5

In Core, List.find is defined using an auxiliary function, as follows:

let find l ~f =
  let rec find_aux = function
    | []       -> None
    | hd :: tl -> if f hd then Some hd else find_aux tl
  in
  find_aux l

But it can be defined directly. For instance:

let rec find l ~f =
  match l with
  | []       -> None
  | hd :: tl -> if f hd then Some hd else find tl f

Is there any advantage in using an auxiliary function for defining a function such as List.find?

  • In Haskell the additional inlining opportunities you get by doing this sort of thing are a big deal. I don't know if OCaml is the same. Search terms: static argument transformation, worker-wrapper transformation – Ben Millwood Jul 25 '14 at 22:45
5

In this case, it doesn't change much because both functions are tail-recursive, but still, the answer to your question is:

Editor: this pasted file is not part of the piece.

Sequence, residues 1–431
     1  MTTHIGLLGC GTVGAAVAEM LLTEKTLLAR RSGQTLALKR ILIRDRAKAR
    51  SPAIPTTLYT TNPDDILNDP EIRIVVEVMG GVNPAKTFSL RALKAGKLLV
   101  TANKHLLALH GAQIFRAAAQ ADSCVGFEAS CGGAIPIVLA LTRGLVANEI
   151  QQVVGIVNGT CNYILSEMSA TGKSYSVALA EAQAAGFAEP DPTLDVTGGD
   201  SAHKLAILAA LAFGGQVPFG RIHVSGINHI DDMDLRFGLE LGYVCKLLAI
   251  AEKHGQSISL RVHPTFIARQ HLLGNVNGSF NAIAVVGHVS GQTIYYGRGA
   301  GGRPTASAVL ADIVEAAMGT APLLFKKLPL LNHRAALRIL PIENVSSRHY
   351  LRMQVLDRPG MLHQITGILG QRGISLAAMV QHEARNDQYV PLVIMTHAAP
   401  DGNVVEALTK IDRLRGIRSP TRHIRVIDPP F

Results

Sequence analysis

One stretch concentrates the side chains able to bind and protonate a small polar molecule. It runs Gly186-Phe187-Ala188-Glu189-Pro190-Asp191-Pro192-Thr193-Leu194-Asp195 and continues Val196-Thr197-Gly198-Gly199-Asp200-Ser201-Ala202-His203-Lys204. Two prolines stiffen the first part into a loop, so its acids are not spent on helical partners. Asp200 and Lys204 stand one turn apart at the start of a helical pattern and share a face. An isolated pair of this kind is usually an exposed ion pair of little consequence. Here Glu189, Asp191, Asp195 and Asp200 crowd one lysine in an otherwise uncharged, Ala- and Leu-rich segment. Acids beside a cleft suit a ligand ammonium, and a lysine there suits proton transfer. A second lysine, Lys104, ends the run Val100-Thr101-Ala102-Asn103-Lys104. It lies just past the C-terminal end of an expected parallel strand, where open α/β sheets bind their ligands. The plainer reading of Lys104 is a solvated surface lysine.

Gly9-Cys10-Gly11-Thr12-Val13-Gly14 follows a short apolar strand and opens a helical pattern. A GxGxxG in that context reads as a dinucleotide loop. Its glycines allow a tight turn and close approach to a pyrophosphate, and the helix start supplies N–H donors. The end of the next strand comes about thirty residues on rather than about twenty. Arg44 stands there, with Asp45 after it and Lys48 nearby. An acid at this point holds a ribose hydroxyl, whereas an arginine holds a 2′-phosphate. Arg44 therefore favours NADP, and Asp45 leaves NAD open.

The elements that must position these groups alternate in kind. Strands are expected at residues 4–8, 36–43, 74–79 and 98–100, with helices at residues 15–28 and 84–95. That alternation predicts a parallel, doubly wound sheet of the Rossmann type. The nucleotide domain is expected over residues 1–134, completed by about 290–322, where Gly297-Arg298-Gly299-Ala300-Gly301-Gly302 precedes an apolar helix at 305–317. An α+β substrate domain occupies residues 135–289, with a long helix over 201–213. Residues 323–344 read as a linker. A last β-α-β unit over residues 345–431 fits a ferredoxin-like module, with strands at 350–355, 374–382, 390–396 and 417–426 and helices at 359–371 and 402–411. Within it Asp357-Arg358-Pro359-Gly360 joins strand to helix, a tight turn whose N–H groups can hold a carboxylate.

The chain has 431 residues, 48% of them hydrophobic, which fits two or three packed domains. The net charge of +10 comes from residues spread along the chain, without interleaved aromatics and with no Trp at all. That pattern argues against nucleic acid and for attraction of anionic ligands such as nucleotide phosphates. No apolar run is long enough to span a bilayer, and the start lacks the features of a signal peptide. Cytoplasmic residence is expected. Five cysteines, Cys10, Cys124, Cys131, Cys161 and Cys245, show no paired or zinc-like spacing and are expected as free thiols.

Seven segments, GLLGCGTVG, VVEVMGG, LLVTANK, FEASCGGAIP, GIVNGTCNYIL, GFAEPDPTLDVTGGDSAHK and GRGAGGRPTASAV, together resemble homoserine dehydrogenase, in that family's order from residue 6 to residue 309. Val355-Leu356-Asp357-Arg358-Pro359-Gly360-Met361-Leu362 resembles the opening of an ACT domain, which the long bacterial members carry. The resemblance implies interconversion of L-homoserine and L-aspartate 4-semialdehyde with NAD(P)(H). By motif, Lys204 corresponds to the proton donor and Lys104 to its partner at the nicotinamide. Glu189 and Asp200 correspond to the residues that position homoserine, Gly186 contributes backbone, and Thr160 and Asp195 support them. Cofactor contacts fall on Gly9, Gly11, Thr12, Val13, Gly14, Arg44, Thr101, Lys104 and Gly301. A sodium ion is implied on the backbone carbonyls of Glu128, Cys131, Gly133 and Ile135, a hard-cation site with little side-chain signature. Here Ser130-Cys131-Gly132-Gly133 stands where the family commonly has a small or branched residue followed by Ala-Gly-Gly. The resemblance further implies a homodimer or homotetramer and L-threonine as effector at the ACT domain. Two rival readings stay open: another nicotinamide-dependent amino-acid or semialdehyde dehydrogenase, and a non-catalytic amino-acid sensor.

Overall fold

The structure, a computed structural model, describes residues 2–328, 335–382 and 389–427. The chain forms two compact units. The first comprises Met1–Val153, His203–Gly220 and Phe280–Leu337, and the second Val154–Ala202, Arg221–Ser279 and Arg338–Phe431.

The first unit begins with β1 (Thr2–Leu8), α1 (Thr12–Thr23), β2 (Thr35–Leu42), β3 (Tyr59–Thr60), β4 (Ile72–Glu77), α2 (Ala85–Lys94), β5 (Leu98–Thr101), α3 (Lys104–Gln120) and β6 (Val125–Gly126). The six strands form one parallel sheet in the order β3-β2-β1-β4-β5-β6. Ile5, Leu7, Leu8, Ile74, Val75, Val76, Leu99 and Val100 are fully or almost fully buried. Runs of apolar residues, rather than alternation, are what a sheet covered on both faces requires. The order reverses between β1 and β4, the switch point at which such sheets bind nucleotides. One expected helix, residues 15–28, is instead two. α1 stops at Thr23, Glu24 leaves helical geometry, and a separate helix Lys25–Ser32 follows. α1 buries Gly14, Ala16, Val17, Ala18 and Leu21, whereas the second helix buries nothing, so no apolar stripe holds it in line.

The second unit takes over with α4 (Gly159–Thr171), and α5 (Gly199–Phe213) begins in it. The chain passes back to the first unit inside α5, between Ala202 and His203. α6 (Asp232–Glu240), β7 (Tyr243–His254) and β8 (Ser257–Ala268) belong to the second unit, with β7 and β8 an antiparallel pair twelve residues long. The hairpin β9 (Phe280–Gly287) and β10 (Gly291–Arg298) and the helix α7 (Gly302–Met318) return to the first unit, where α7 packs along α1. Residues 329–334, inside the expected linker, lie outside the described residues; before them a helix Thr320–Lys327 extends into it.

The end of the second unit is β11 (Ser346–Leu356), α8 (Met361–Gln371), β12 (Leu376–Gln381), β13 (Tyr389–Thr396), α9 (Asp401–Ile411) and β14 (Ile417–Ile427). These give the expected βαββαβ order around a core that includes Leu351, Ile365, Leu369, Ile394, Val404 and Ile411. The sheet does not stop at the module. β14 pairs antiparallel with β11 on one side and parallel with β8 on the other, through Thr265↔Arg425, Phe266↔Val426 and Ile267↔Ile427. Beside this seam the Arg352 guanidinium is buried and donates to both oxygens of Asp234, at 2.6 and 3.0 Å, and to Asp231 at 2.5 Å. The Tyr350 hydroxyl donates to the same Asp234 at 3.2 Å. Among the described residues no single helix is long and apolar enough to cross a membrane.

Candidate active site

calling find requires passing two arguments. Calling find_aux requires passing one argument. Passing arguments is not free: they take up space on the stack, limiting the maximum recursion depth if the function is not tail-recursive, and they take time to set up.

It is a trade-off: in Core's version, a closure must be allocated to bind the name f to its (locally) permanent value. If the list is short, allocating the closure can be more expensive than passing a few additional arguments (esp. since the function is tail-recursive).

Basically, you shouldn't worry about it. It is probably unnecessary in this case, and even when it is not unnecessary, it does not make a big difference.

  • very concise but thorough answer. good to know – Jackson Tale Jul 25 '14 at 9:07

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